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Enter our Goodreads giveaway for a chance to win one of 10 copies of Yasmina Reza’s highly anticipated new novel, Happy Are the Happy, a “quick and delicate book that’s as funny as it is humane” (The New York Times Book Review).

 

Goodreads Book Giveaway

Happy are the Happy by Yasmina Reza

Happy are the Happy

by Yasmina Reza

Giveaway ends January 31, 2015.

See the giveaway details
at Goodreads.

Enter to win

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Other Press staff choose which books they’re giving as gifts this holiday season.

Yvonne Cardenas, Managing Editor

What book are you giving?
The Fall: A Father’s Memoir in 424 Steps by Diogo Mainardi

To whom, and why?
This year I’ll be giving my friend Celia a copy of The Fall. Mainardi’s book is not only about the relationship of a parent to a child, but also about being human and being alive. The way that he ties together his love for his son with his love for what is beautiful and worthwhile in the world reminds me of Celia.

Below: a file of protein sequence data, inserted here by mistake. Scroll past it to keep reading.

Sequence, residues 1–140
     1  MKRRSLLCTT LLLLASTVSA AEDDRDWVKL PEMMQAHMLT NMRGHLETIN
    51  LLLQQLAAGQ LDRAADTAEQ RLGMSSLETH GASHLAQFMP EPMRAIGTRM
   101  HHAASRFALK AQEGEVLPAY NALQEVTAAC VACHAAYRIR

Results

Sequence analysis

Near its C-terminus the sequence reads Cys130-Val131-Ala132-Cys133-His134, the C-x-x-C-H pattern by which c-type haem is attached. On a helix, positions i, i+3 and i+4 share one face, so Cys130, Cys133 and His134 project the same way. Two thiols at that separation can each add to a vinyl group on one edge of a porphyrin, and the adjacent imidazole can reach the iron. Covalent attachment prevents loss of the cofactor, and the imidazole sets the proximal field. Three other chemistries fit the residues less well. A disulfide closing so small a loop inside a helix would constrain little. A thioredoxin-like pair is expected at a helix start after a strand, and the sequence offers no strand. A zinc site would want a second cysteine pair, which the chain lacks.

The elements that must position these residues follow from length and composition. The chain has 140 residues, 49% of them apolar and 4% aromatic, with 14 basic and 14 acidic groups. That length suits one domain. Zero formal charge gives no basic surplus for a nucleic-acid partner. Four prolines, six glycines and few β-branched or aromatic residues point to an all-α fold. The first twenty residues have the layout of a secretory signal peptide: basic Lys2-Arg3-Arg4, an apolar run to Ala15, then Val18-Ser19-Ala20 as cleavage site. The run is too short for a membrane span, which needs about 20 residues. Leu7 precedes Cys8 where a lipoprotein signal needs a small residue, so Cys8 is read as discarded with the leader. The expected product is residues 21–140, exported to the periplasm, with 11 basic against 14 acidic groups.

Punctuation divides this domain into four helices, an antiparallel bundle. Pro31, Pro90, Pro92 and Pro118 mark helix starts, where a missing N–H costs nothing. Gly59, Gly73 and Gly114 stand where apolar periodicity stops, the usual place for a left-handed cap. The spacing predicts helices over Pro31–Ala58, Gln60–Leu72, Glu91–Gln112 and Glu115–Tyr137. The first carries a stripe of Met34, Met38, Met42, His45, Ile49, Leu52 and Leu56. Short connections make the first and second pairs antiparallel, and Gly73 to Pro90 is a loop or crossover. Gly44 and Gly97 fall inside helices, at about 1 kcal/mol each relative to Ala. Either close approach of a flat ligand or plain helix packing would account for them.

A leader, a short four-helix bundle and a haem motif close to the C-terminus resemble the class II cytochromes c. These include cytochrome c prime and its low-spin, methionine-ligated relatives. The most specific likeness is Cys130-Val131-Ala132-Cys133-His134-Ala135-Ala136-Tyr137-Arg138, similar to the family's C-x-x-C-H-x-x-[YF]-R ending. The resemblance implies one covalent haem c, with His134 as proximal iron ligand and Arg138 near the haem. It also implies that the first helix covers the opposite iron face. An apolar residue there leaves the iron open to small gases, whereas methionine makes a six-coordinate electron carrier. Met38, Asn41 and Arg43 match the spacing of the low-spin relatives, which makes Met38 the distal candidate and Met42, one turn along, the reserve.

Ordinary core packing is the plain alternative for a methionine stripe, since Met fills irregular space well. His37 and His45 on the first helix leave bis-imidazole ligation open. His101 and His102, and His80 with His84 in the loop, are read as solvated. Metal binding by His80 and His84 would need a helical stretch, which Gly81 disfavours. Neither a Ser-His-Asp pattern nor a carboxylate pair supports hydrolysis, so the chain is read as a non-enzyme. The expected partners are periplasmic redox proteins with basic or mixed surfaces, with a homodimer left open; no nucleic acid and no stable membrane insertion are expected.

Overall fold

Stephanie Derstine, Intern

What book are you giving?
All Days Are Night by Peter Stamm

To whom, and why? 
To my brother, who revels in reading psychologically twisted tales. The rawness of Stamm’s work and the devastation he subtly captures in merely a sentence is hair-raising.

Marjorie DeWitt, Editor

What book(s) are you giving?
The Art of Hearing Heartbeats and How to Live

To whom, and why?
My nana is a sucker for beautiful love stories in which love knows no bounds nor impediments, so naturally Heartbeats was a good choice (and it’s a book she excitedly points out to me when we’re at Costco). And How to Live is just a good choice for anyone, particularly those in early adulthood who are looking to find themselves and their place in the world. As a bonus, they get to learn more about Montaigne too!

Charlotte Kelly, Associate Publicist

What book are you giving?
A True Novel by Minae Mizumura

To whom, and why?
For Christmas, I gave my best friend Minae Mizumura’s novel.  She’s going to be traveling and wanted something she could get completely sucked into, and I thought the beauty of Mizumura’s writing and the physical beauty of the book itself made it a perfect present.

Keenan McCracken, Associate Editor

What book(s) are you giving?
We’re Flying and The Fall

To whom, and why?